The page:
You are smart, committed, curious and want to apply all your abilities. Typically you will have at least a Master's Degree. You are committed to develop your research ability and have a track record of excellence. You may work in fields other than research, but you are interested in getting back into research because you realize there are excellent long-term opportunities there. We require a working knowledge of English, since you want to publish internationally. Exceptions can be made for those doing quantitative and survey work. (Sorry, no funding for stipends abroad, or for those who live outside the Caucasus.)

What do you get?

Primarily you get the satisfaction of doing excellent work and of being part of a small but vibrant community of internationally recognized research scholars in the South Caucasus. Moreover, if you get published internationally, many opportunities follow. The fellowship provides an opportunity to prove your professionalism, which you can use for many other applications (jobs, consultancy work, joint research projects, conference participation, international research stipends such as CRRC's Carnegie Fellowship, to name the most obvious). Depending on your research project, you can also get between USD 2000 and 4000 for pursuing your research interest (surveys, for example, may have higher costs).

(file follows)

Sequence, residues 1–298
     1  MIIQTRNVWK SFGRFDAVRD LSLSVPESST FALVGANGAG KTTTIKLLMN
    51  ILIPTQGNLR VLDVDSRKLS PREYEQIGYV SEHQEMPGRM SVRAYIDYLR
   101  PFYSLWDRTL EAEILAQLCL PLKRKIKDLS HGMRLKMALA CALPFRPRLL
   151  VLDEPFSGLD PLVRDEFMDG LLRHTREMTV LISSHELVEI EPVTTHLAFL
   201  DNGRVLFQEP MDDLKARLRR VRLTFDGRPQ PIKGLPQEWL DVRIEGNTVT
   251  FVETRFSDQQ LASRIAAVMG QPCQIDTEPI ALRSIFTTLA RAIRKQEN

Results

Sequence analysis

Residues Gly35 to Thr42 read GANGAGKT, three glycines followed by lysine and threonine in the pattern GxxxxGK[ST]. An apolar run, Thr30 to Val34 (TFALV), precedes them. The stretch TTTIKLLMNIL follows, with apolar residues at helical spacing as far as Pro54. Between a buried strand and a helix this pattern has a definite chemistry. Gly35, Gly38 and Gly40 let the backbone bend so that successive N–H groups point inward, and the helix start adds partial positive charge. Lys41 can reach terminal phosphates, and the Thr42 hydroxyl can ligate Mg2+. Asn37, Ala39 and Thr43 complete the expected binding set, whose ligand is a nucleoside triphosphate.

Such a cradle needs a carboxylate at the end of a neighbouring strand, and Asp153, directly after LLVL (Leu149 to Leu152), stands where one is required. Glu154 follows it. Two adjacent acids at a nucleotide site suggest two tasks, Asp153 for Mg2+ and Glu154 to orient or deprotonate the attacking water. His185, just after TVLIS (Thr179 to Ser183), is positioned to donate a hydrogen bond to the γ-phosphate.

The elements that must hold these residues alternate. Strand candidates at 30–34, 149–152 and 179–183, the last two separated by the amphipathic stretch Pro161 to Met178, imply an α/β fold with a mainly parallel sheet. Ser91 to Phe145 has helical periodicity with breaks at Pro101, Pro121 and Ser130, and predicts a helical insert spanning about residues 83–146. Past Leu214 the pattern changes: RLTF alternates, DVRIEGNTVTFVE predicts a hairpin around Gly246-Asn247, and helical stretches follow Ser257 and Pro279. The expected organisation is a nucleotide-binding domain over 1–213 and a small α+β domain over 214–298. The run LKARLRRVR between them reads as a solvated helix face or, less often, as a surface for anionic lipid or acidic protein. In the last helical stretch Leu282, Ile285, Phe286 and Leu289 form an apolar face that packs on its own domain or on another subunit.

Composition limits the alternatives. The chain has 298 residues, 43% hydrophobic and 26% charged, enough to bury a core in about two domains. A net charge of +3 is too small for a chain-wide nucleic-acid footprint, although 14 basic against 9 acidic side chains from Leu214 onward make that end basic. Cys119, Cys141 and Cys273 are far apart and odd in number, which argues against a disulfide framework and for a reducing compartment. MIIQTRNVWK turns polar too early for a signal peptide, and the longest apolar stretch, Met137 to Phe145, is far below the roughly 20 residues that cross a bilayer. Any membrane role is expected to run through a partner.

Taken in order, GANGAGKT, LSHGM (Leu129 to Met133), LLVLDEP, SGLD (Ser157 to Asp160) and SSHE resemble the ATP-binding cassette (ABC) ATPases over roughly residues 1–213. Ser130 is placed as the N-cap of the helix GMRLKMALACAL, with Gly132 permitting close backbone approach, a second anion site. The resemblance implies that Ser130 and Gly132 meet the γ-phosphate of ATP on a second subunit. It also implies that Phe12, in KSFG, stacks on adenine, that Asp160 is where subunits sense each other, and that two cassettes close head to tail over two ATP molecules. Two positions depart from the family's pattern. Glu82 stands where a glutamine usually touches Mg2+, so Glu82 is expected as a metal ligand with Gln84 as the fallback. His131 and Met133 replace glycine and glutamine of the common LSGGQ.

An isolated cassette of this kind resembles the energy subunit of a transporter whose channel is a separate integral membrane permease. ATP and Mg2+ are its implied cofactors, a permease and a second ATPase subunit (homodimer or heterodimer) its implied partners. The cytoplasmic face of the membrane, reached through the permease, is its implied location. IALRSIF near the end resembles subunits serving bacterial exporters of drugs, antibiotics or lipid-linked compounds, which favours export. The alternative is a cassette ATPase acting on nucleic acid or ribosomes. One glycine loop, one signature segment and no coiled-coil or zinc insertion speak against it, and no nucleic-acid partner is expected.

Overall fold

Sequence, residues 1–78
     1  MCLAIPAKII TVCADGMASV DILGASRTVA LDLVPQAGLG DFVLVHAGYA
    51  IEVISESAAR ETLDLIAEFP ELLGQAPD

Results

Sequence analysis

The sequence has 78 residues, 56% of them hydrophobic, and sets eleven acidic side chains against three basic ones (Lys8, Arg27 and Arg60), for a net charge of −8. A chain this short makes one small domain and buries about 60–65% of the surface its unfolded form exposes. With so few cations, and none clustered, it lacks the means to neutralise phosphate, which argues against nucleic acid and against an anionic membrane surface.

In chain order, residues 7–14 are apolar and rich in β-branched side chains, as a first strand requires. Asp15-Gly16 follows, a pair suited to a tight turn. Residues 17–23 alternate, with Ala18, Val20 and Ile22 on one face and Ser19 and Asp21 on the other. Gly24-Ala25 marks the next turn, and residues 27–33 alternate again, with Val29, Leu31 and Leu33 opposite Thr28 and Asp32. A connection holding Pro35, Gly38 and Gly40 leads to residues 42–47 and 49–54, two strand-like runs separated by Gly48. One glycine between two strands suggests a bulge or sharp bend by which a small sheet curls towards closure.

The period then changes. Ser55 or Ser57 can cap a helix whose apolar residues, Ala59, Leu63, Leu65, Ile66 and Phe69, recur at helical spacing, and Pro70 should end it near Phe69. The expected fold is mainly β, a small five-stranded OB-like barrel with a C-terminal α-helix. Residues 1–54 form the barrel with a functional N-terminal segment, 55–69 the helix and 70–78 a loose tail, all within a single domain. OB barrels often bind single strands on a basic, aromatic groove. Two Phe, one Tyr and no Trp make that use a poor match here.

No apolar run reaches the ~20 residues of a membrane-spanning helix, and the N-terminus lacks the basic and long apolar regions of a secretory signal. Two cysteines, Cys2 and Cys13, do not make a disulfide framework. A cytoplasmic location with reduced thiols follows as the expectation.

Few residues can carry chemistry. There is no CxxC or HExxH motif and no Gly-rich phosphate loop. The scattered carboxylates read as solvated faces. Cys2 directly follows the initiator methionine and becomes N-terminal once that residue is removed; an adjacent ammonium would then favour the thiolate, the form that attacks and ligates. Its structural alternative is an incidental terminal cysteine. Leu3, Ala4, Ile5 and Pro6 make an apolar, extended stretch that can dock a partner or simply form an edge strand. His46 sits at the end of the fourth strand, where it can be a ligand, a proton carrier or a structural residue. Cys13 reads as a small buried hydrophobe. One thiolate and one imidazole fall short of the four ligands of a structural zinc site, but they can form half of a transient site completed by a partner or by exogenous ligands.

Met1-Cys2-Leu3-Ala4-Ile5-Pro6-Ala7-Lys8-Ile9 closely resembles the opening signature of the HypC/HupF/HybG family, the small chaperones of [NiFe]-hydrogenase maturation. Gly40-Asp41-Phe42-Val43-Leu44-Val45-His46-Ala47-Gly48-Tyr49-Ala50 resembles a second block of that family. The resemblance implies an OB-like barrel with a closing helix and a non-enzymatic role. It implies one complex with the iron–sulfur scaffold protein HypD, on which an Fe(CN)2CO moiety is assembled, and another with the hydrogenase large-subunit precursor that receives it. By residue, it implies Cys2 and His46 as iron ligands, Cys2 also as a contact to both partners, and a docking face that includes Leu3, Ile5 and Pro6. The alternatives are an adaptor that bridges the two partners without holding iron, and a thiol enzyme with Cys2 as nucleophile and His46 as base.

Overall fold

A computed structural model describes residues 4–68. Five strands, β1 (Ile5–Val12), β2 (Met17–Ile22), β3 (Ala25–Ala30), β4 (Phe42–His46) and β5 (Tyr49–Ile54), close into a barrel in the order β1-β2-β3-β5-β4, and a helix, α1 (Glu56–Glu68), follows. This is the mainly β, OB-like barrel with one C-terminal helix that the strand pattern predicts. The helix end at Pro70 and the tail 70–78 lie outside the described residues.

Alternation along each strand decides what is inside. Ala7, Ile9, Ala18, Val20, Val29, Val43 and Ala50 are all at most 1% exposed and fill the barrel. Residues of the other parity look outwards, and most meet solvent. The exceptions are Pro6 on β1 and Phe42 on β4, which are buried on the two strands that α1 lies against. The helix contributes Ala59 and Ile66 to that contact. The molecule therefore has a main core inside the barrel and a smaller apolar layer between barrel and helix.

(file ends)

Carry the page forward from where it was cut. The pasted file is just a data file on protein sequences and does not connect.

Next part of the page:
Is it easy?

Yes and no. We will help at every step. But it certainly is not easy money. In research you confront new challenges and difficult decisions all the time. That is why we are doing it, after all. It requires determination and persistence -- we hope you will join us in the thrill of discovery.

How to prepare?